Book Image

Intel Galileo Networking Cookbook

By : Marco Schwartz
Book Image

Intel Galileo Networking Cookbook

By: Marco Schwartz

Overview of this book

Table of Contents (15 chapters)
Intel Galileo Networking Cookbook
About the Author
About the Reviewers


Intel Galileo is a great development kit for all your Do-It-Yourself electronics projects. The board has an in-built powerful Intel processor, but is usable with the well-known Arduino software. It is also compatible with most Arduino shields.

This makes it the ideal board for your projects, especially in the fields where you need to use cloud-based services, for example, to store data online. It is therefore a great board for Internet of Things (IoT) applications.

In this book, we are going to start setting up your board and building simple applications with the board, such as running a web server on the board. After this, we'll dive into more complex topics, such as IoT applications. Finally, we'll sum up everything we learned in the book by building a simple home automation system based on the Galileo board.

What this book covers

Chapter 1, Installing and Configuring Linux, explains how to set up your Galileo board and the development environment, so you can start building projects. We will install the Galileo IoT image and install the required software on your computer.

Chapter 2, Connecting External Sensors, will discuss connecting sensors to the board, such as a temperature sensor. We will see how to read data from sensors and use it in our projects.

Chapter 3, Controlling Hardware Devices, covers how to control devices from the Galileo board, such as a relay that can be used to control electrical appliances.

Chapter 4, Creating a Web Server, is dedicated to running a simple web server on the Galileo board. We will see that a server can also be used to control the inputs and outputs of the board.

Chapter 5, Hosting Applications on the Galileo Board, covers how to host useful applications on the board, such as a simple file-sharing server.

Chapter 6, Local Network Monitoring, is dedicated to creating applications to monitor the activity of the Galileo board via the local network connection, for example, you will be able to monitor measurements done by the board in real time.

Chapter 7, Cloud Data Monitoring, is all about connecting your board to cloud services in order to build Internet of Things applications, such as remotely logging data on a cloud platform.

Chapter 8, Building a Home Automation System, sums up all that was done in the book with an application: building a home automation system based on Arduino, using the Galileo board as the "hub" of the system.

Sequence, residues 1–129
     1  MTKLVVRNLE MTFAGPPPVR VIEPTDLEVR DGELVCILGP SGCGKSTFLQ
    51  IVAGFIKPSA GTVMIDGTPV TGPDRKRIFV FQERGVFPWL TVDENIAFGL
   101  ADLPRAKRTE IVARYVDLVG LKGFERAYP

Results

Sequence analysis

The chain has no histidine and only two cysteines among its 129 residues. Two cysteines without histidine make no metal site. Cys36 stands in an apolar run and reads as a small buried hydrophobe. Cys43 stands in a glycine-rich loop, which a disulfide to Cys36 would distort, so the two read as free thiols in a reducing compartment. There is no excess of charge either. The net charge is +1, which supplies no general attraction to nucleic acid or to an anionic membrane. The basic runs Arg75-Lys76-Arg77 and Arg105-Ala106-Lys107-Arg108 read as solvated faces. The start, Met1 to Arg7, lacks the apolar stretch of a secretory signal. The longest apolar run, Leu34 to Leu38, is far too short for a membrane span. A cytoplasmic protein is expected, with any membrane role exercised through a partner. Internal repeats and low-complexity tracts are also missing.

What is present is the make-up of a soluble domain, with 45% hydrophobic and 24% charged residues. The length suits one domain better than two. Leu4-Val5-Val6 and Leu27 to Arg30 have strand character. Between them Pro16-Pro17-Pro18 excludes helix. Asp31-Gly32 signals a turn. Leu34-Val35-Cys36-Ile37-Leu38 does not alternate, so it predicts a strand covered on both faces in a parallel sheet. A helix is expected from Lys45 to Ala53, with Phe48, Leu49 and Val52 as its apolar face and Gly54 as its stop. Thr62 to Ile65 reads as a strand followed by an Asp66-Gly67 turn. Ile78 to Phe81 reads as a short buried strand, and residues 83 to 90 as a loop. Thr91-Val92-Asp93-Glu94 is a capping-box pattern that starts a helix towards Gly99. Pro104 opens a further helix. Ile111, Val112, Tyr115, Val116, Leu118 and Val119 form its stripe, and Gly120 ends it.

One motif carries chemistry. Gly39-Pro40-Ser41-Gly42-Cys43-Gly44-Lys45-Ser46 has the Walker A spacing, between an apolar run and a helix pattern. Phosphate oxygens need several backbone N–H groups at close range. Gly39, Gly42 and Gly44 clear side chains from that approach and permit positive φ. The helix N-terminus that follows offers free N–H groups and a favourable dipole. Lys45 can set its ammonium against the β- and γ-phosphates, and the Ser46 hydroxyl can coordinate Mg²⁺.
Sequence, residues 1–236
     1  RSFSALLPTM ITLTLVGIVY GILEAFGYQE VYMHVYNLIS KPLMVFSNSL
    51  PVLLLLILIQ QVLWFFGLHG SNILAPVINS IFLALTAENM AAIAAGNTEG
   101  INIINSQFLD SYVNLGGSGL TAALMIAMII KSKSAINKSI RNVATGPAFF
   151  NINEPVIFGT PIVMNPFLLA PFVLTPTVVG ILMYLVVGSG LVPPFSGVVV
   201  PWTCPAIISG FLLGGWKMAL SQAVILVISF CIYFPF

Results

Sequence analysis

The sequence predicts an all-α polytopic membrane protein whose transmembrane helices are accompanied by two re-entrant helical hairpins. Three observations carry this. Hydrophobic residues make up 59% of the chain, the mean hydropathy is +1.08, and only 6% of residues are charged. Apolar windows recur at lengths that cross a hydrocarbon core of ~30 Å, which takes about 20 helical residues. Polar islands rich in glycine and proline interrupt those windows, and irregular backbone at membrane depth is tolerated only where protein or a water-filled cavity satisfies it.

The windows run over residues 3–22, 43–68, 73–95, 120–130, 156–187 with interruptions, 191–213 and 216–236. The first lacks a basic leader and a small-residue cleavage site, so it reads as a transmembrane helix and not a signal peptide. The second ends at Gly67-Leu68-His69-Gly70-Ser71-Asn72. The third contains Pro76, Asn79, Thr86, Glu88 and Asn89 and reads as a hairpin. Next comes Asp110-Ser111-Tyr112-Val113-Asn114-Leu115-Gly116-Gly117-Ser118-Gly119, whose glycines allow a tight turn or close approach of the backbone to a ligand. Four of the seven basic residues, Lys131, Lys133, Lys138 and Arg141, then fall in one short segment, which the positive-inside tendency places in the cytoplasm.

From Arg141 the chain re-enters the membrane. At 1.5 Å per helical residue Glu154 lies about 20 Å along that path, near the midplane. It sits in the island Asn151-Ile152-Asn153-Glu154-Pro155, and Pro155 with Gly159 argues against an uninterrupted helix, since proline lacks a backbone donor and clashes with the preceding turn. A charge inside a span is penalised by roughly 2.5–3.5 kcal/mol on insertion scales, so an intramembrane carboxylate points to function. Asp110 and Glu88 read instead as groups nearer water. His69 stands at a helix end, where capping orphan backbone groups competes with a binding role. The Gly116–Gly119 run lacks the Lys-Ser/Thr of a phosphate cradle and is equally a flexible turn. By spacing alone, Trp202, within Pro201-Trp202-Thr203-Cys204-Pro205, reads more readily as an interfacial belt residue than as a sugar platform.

What you need for this book

For this entire book, you will need an Intel Galileo board. In the first chapter of the book, you will learn how to install all the required software to configure your board.

You will also need a computer running Windows, Mac OS X, or Linux, as this will be needed to configure your Galileo board.

Who this book is for

This book is intended for those who want to build exciting projects using the Intel Galileo board. It is for people who are already experienced in using more classic Arduino boards and want to extend their knowledge to the Intel Galileo board.

It is also for people who want to learn about electronics and programming, and Intel Galileo is the perfect platform for this.


In this book, you will find several headings that appear frequently (Getting ready, How to do it, How it works, There's more, and See also).

To give clear instructions on how to complete a recipe, we use these sections as follows:

Getting ready

This section tells you what to expect in the recipe, and describes how to set up any software or any preliminary settings required for the recipe.

How to do it…

This section contains the steps required to follow the recipe.

How it works…

This section usually consists of a detailed explanation of what happened in the previous section.

There's more…

This section consists of additional information about the recipe in order to make the reader more knowledgeable about the recipe.

See also

This section provides helpful links to other useful information for the recipe.


In this book, you will find a number of text styles that distinguish between different kinds of information. Here are some examples of these styles and an explanation of their meaning.

Code words in text, database table names, folder names, filenames, file extensions, pathnames, dummy URLs, user input, and Twitter handles are shown as follows: "Every time you see a line starting with root@galileo, this means we will be using the terminal."

A block of code is set as follows:

// Sensor pin
int sensorPin = 0;

void setup()
  // Start Serial connection

When we wish to draw your attention to a particular part of a code block, the relevant lines or items are set in bold:

// Sensor pin
int sensorPin = 0;

void setup()
  // Start Serial connection

Any command-line input or output is written as follows:

opkg install package_name

New terms and important words are shown in bold. Words that you see on the screen, for example, in menus or dialog boxes, appear in the text like this: "To solve this problem, simply push the Reboot button on the board."


Warnings or important notes appear in a box like this.


Tips and tricks appear like this.

Reader feedback

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Downloading the example code

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Downloading the color images of this book

We also provide you with a PDF file that has color images of the screenshots/diagrams used in this book. The color images will help you better understand the changes in the output. You can download this file from


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